Snails consume a diverse number of foods, including algae, fungi, decaying organisms and living organisms.   In the Cumberland region where many of the Cumberland liptooth snails reside there are abundant legumes.  This vegetation is normally what these snails feed on; they find it much easier to feed on the decomposing plant material than the living (Dourson 2010). Land snails, although preferring plants as their main source of nutrition, will eat most anything they run across including environmental contaminants.  The pollution is then absorbed into the tissues of the snail which makes them good indicators of pollution in the area. (Pennsylvania Land Snails 2012).

        Snails use saliva and their radula to begin breaking food particles down.  The radula is a membrane covered in teeth made of chitin (Hickman, 2012).  After being consumed, the food is then swallowed through the esophagus and into a gastric pouch.  The gastric pouch absorbs the food and helps in excreting the waste by moving it into the intestine and eventually out the anus (Pennsylvania Land Snails 2012)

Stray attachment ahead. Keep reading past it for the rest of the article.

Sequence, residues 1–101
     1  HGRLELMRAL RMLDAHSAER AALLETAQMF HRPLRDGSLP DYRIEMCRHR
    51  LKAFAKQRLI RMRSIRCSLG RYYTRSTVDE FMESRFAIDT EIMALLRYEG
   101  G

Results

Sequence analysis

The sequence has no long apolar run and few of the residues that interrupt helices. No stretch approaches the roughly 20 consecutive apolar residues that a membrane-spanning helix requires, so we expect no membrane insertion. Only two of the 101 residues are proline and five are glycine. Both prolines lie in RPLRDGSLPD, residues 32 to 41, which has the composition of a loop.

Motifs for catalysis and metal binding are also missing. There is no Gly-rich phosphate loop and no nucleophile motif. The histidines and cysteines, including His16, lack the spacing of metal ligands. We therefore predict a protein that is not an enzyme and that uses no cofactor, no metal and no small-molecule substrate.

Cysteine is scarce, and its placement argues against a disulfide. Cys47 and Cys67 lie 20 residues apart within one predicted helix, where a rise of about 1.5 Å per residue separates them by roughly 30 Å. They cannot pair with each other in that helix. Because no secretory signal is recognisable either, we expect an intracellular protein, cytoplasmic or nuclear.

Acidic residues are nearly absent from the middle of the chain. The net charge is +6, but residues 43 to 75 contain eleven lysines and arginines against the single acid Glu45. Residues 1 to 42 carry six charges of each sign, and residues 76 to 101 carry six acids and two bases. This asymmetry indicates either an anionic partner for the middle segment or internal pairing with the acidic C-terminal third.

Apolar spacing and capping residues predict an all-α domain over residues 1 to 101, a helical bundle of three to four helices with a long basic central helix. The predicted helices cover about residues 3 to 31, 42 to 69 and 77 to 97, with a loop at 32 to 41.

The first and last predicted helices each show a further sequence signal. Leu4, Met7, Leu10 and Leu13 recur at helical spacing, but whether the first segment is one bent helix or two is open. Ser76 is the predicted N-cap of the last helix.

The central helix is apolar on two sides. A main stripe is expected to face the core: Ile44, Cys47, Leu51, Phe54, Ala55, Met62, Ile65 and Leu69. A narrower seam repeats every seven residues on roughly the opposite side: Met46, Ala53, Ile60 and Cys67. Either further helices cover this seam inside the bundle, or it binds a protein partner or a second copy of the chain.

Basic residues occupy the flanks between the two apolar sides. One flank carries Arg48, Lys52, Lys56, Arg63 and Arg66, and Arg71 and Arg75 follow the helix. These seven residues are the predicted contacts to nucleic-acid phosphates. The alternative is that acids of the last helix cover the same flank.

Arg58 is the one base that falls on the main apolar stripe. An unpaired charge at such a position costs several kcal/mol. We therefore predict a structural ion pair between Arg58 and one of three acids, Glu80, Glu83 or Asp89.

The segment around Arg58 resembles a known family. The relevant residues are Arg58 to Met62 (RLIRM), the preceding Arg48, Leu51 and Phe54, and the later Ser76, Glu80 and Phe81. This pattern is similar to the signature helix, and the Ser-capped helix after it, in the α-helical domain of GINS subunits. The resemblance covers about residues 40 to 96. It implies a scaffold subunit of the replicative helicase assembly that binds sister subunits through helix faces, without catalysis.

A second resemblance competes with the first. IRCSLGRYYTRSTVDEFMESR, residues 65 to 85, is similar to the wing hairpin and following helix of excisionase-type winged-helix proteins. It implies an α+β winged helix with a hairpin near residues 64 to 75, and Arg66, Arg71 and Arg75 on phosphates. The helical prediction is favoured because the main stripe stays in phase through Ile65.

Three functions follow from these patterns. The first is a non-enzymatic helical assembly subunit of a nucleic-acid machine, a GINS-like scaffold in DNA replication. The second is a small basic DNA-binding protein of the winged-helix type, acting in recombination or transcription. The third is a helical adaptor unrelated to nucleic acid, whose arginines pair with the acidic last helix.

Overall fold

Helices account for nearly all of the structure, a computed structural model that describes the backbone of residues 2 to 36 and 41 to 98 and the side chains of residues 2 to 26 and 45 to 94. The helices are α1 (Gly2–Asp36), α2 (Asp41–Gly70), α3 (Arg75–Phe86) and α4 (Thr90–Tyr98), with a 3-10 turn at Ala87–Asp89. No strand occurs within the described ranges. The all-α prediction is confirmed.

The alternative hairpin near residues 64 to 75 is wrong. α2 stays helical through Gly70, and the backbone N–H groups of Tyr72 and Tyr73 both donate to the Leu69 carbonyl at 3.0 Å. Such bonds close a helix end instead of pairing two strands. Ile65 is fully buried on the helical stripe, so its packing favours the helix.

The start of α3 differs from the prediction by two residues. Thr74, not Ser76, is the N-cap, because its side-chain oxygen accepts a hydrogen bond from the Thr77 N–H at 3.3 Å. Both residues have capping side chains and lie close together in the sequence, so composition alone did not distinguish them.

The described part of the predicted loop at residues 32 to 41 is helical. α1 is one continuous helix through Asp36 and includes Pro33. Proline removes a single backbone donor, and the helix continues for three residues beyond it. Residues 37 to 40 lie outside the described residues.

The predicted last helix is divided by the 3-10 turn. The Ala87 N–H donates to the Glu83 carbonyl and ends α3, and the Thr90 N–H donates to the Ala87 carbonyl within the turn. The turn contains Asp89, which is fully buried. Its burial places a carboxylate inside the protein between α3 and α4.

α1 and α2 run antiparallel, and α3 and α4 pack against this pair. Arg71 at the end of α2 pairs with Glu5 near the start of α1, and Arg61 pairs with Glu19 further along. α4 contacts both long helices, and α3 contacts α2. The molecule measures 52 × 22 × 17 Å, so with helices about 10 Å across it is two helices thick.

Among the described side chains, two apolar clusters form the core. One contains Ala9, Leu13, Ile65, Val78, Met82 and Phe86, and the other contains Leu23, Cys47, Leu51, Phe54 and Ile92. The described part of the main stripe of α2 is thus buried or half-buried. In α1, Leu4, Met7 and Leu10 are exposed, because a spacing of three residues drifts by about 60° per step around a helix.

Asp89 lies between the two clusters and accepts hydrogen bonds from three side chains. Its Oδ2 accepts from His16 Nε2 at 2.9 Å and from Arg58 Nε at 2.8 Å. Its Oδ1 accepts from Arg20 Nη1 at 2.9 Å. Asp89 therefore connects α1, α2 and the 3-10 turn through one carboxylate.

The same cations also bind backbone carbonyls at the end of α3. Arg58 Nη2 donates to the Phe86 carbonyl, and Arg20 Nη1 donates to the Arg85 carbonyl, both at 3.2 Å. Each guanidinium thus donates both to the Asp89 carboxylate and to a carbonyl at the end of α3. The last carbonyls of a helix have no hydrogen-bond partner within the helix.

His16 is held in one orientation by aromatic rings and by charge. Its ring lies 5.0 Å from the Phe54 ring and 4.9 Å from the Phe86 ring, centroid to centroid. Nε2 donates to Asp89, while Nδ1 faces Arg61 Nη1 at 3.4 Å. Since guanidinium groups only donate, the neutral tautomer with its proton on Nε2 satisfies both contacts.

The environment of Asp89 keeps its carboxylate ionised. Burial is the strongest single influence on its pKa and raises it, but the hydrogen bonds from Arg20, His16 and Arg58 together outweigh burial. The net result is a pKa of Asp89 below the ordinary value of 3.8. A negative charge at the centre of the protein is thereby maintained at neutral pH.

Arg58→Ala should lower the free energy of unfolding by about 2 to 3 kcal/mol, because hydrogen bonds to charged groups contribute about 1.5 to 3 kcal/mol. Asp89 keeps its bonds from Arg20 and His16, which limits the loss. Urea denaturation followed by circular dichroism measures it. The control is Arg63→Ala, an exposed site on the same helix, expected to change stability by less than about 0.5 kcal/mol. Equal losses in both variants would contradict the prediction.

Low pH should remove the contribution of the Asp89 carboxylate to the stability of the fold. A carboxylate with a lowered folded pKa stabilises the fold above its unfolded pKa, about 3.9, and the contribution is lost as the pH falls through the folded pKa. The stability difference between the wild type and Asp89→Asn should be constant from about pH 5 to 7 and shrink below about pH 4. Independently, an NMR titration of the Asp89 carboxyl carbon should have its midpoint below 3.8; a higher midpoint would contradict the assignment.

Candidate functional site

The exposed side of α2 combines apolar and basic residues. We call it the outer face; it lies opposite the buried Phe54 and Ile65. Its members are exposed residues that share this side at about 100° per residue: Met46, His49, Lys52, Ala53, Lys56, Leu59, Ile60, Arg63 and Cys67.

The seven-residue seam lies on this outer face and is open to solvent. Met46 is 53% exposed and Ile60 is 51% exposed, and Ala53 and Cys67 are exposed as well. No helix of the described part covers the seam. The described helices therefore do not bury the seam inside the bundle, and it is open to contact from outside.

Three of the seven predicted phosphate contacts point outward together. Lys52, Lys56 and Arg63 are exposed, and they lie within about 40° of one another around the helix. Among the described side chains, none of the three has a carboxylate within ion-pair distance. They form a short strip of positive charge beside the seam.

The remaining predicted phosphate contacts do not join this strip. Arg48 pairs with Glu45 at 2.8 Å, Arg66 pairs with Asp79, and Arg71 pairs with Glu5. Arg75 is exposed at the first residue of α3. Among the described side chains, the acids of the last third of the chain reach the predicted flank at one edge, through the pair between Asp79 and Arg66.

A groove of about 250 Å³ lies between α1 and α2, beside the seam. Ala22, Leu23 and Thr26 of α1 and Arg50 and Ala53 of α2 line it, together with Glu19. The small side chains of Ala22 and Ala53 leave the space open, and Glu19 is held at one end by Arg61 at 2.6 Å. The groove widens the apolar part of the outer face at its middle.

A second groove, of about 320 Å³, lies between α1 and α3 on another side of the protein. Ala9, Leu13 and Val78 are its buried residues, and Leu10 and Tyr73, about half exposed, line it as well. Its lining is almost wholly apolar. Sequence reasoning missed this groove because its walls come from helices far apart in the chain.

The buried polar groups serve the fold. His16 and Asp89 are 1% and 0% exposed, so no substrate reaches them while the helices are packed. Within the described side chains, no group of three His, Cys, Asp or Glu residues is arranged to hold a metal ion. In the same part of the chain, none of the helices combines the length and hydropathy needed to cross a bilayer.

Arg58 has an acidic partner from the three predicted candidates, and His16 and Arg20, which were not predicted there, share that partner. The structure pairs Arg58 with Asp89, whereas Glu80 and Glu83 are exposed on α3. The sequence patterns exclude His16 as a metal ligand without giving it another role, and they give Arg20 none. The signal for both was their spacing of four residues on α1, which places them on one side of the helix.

Snail with parsitic worm

      Once born snails need to rapidly find a source of calcium (Dourson 2010).  The first thing a land snail will consume is their egg shell with contains calcium and will help their undeveloped shell harden and grow.  They obtain calcium from their soil and rocks in the environment.  Using their radula they grind stones or soil, containing calcium carbonate in order to easily digest it.(Hickman, 2012).  In the regions occupied by Millerelix plicata, there are many rich calcium deposits.  (Ecoregions of Kentucky 2012).  Once digested, the calcium is absorbed in the intestine and put into the growth of their shell.

      According to DeLaCruz, Millerelix plicata has many predators, including hedgehogs and many birds.  The snail serves as an intermediate host for the flatworm, Leucochloridium paradoxum.  This parasite, coming from the phylum Platyhelmithes and class Termatoda prevents snails from retracting their antenna allowing birds to spot snails much easier.  Birds then serve as Leucochloridium’s final host in their lifecycle.


Please continue onto Reproduction to learn more.